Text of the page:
Is there a known best way to handle defaults?

Feb 12, 2009 at 10:29 PM
I have a task, whatever task, but I'm working with a naming service.

I wish to provide a default implementation. However, I wish to have other coders in the composable system able to create a naming service to replace mine. I am not sure the best approach to a couple of issues:

For context, people will want to implement only parts of the interface (I suspect a few things will be changed for style, and the whole shebang replaced for other cultures)

 - Provide a base class for them to derive from if they desire. 
        -In this case, can the base class implement the interface so there's less work to do? Or does the implementing interface have to be on the same class? Can the Export attribute be on the base class?
        -Is this too intimate a dependency from a philisophical point of view?
        -Does the very question imply that I have an insufficiently granular interface?    
- Provide an interface that is not for a class that does work, but a class that is called once to return delegates. 
        - This sounds easy for me, but doesn't sound like an approach for mortals.
- Use exports on the individual methods 
        -This leaves little help to tell people how to create a new naming service

Is there any shortcuts to getting all exports and sorting through them for mine? I'm planning to provide a Singletons interface that will return the service after sorting through this, but it defintely seems ugly compared to just slapping an import attribute on. What I want is to mark one as the default and use it only if no other exports exist. Let me guess, I can do that if I write my own programming model ;-).

Thanks for any insight. I understand how to sovle this through these strategies so I'm not stuck. I just thought it might be worthwhile to have a brief disucssion on whether there are other options and which approaches appear to be the best patterns.


Feb 13, 2009 at 6:14 AM

Kathleen, you are reminding me of another overdue blog post :-)

Defaults is something we've thought about quite a bit. We actually did a bunch of work in our Preview 3 bits specifically to support these scenarios. There are two common options we discuss. However, the easiest approach is to use the facilities we have provider for you, which I've laid out below.

Summary: Provide default export providers.

Our container has an aggregating export provider, we designed this provider so that it has a special behavior when it is querying for a single export. Basically whenever a query is issued to the aggregating ep for an export, say of contract ILogger, the provider will query each of it's children looking for a single. It will start at the top of the provider list and query. If it finds a provider that returns a single, it will return it, but if it finds a provider that returns multiple, it will keep querying until it finds a single. If it gets to the end of the list and has not found any, then an exception will be thrown. The container allows you to pass in addition to a catalog, additional export providers on it's construction. This means you can create a catalog export provider for a default catalog and pass it in.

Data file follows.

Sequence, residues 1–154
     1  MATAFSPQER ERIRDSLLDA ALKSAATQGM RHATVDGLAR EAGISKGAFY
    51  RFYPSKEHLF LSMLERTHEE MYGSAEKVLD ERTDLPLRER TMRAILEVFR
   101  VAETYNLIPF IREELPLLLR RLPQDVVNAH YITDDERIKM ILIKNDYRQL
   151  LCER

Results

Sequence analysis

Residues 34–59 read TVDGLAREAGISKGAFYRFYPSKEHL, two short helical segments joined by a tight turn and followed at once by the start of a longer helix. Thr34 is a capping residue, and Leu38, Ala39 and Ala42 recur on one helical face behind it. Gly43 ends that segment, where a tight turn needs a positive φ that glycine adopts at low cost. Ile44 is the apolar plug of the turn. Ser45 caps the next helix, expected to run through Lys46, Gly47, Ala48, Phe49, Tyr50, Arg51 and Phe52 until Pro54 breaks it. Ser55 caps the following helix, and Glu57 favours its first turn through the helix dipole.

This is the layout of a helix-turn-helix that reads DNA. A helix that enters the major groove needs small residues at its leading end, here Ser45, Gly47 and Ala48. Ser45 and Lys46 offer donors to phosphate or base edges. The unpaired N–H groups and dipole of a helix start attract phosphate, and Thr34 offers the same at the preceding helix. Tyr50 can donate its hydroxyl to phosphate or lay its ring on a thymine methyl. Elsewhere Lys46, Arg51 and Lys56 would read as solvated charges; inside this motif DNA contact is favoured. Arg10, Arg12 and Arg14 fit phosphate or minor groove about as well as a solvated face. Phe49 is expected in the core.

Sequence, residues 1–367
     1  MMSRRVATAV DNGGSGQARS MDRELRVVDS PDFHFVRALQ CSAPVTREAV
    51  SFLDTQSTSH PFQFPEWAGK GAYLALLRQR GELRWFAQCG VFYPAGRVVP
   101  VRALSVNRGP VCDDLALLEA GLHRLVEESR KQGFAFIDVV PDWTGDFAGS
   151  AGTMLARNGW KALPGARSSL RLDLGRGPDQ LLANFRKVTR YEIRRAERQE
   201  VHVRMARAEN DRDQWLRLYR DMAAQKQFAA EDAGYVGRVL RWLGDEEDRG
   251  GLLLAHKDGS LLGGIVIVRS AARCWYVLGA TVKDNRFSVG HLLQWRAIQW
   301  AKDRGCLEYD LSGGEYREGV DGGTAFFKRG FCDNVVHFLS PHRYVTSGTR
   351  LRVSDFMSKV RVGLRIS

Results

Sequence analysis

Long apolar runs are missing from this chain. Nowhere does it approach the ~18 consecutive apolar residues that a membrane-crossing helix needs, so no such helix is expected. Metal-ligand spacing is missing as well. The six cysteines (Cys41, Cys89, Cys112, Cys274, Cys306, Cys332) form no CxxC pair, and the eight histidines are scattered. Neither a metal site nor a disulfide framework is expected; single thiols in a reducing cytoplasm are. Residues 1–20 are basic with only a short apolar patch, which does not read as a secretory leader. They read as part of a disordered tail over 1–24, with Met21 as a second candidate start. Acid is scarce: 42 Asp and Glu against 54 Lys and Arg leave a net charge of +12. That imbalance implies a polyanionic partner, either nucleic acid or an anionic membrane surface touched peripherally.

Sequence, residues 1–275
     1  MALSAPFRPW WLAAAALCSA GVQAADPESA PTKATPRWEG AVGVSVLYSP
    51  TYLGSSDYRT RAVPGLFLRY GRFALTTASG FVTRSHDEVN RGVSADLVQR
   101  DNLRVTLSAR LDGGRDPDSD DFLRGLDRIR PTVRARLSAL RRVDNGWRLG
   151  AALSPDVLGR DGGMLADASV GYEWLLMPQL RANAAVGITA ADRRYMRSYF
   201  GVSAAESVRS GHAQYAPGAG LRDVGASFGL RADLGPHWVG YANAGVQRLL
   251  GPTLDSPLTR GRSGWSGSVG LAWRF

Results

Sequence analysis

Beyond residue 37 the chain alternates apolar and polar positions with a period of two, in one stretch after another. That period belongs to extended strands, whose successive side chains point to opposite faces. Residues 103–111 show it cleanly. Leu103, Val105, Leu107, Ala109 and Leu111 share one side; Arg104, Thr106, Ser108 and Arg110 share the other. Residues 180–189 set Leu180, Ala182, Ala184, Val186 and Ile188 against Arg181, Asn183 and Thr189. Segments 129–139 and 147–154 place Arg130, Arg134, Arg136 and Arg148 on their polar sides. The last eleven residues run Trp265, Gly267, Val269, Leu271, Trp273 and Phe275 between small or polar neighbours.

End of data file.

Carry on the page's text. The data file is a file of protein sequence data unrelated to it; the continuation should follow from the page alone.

With this approach, you can provide either overridable, or non-overridable defaults. If you put you "defaults" at the top of the list (i.e. pass your default catalog as the main catalog) then they will be non-overridable. Every query for a single import will hit your defaults first. If however you put your defaults at the end of the list, they will only be hit if a replacement does not exist. The advantage of this approach in general is it also allows queries for a single export to succeed in the presence of multiple exports, which normally fails with an exception due to cardinality.

Here are snippets of each.

a. Overridable defaults

var mainCatalog = new AssemblyCatalog(...) //main catalog
var defaultCatalog = new TypeCatalog(...) //pass in a colleciton of default parts w/default exports
var defaultEP = new CatalogExportProvider(defaultCatalog);
var container = new CompositionContainer(mainCatalog, defaultEP);
defaultEP.SourceProvider = container; //MUST do this.

So what we've done above is we created our main catalog and a default catalog. We then created a default export provider to wrap the default catalog. Next we passed the catalog, and default EP to the constructor of the container.

b. Non-Overridable defaults

var mainCatalog = new AssemblyCatalog(...) //main catalog
var defaultCatalog = new TypeCatalog(...) //pass in a colleciton of default parts w/default exports
var mainEP = new CatalogExportProvider(mainCatalog);
var container = new CompositionContainer(defaultCatalog, mainEP);
mainEP.SourceProvider = container; //MUST do this.

The lines in bold are the difference. Now we've put our default catalog first, and our main catalog after maing our defaults the first thing that is hit in a query.

Approach 2: Create a derived container.

If you have more complex rules, the best apporach is to simply derive from our container (we designed it to be easy to override), and then you override the GetExportsCore method. This core method gets hit every single time the container is queried, thus allowing you to intercept and provide your own custom filtering on the exports it returns by using your own LINQ query. For many scenarios like the one you quoted above though, I believe the first method is sufficient.